The big question surrounding the ACA, the landmark 2010 healthcare legislation better known as Obamacare, is whether the country can afford it. While the healthcare law remains controversial, two new studies out of Yale University and Johns Hopkins University now suggest that Medicaid expansion, a key component of the ACA, has helped bring better parity to cancer treatment in the United States, suggesting that the law may have brought unexpected benefits to millions of patients who have been traditionally underserved in the healthcare realm.
While Congress has now publicly stated a Republican-sponsored healthcare bill will not hit the Senate floor until 2020 at the earliest, the Trump administration is still attempting to repeal the ACA through the courts. While critics of the ACA claim the legislation, particularly its call for Medicaid expansion, have resulted in an undue financial burden on the states, 36 states and the District of Columbia have adopted the expansion to date. The result is an additional 13.6 million Medicaid enrollees in those expansion states—a number which seems to suggest prohibitive costs unless patient outcomes can be proven to be significantly improved. Yet, Blythe Adamson, PhD, MPH, a senior quantitative scientist at Flatiron Health in New York, says that economists were having difficulty determining whether Medicaid expansion was actually having any impact on health outcomes.
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“At the time, most people didn’t have data recent enough to know the impact,” she says. “But, at Flatiron, I knew we had more recent data, with clinical depth of outcomes, that afforded us a unique opportunity to take a look and try to answer this question, particularly in the case of cancer treatment.”
Adamson, Amy Davidoff, PhD, a senior research scientist at Yale Cancer Outcomes, and colleagues analyzed more than 30,000 health records to look at how expansion had affected cancer treatment after an advanced or metastatic cancer diagnosis. Previous research had uncovered that black adults were 4.8 percent less likely than white adults to start treatment with a few weeks of diagnosis, leading to poorer outcomes and, too often, more expensive care. But, in states that adopted Medicaid expansion in 2014 or thereafter, Adamson and colleagues discovered a boost not only to the number of black adults receiving timely treatment but to white patients as well. Adamson says this study built on previous research by Davidoff who had shown other types of improvements in racial disparities after Medicaid expansion.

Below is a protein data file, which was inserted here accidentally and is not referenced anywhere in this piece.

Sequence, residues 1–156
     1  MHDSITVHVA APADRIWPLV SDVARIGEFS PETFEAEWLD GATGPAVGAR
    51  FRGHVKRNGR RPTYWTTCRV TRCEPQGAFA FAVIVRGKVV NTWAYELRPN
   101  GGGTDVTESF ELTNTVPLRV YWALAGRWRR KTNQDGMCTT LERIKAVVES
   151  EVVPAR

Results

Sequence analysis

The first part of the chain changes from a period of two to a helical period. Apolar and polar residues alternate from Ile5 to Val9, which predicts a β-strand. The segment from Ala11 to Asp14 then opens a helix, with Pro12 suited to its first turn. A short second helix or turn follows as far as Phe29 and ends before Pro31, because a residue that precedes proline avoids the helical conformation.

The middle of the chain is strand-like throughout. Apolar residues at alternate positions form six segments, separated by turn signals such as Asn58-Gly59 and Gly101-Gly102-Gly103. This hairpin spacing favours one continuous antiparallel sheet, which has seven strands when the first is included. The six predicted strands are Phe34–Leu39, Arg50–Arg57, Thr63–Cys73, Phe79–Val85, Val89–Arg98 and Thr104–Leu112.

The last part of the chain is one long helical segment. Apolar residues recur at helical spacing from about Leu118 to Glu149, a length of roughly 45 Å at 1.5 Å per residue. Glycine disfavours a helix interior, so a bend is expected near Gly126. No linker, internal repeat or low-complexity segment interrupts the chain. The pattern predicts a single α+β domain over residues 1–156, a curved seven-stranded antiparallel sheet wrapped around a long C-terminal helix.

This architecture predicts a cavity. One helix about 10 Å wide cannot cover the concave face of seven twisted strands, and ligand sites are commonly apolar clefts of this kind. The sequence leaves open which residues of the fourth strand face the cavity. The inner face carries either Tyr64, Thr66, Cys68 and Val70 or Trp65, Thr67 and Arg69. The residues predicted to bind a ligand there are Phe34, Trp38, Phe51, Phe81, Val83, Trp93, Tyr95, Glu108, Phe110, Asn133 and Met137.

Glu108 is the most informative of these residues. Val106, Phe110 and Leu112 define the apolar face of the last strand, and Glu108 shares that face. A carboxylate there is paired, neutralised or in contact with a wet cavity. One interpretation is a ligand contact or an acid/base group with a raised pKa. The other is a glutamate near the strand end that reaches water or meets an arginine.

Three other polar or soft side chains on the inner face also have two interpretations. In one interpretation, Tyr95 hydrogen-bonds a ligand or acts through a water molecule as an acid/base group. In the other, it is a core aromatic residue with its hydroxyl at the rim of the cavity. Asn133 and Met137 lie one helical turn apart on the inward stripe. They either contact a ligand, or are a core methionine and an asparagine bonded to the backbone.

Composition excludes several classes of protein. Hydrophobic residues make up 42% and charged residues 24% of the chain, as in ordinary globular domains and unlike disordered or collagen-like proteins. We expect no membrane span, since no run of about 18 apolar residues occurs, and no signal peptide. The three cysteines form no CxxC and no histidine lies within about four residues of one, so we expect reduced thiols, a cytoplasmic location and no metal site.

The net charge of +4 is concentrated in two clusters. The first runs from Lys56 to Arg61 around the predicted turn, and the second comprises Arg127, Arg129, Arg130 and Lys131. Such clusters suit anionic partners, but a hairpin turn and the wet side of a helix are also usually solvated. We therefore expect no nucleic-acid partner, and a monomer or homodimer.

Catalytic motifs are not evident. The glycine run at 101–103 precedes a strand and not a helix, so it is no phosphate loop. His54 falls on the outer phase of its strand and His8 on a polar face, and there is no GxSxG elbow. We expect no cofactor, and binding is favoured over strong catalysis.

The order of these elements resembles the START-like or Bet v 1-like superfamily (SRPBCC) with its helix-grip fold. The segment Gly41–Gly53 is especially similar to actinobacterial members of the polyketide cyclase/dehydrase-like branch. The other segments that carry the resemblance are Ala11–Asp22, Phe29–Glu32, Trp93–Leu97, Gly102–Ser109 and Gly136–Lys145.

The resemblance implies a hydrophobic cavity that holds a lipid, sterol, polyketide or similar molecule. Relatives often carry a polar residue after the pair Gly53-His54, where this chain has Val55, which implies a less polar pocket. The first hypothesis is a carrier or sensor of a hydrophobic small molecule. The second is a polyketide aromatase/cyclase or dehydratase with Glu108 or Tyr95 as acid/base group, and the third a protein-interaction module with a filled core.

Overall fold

“I was surprised by just how dramatic the change was,” says Adamson. “You might expect to see a little bit of change but the racial disparities were practically eliminated after Medicaid expansion. We looked at this very specific moment in time for a patient. But it’s one that is fraught with anxiety. If you’ve just received an advanced cancer diagnosis, and there is uncertainty whether or not you can afford costly first-line therapy drugs or whether they will be covered by your insurance, it’s going to delay time to treatment. So I think we learned, in this study, at this one moment in time, that Medicaid expansion helped reduce the uncertainty that patients could get their treatment covered and, in doing so, made things more equitable.”
The team’s work is further supported by a second, independent study out of Johns Hopkins University, demonstrating improvements in the diagnosis of ovarian cancer, a cancer that can be quite difficult to detect, after Medicaid expansion. The authors of that study concluded that greater access to healthcare has the power to not only improve patient outcomes and save lives—but also help lower healthcare costs when these cancers are caught and treated early.
While Davidoff says it is important to emphasize the results from their study are correlational, not causal—she believes that increased access to health insurance for low income adults can reduce disparities in access to timely healthcare treatment.
“Our study results emphasize the importance of providers to advocate for policies that improve access to high quality and timely care for patients,” Davidoff says. “Outside of the study results, it is important to recognize that insurance is usually necessary, but not sufficient to eliminate race disparities in cancer care, and that providers also need to make greater efforts to assess and reduce practice-level barriers to access for racial minorities and other vulnerable groups.”
Kayt Sukel is a science and health writer based outside Houston.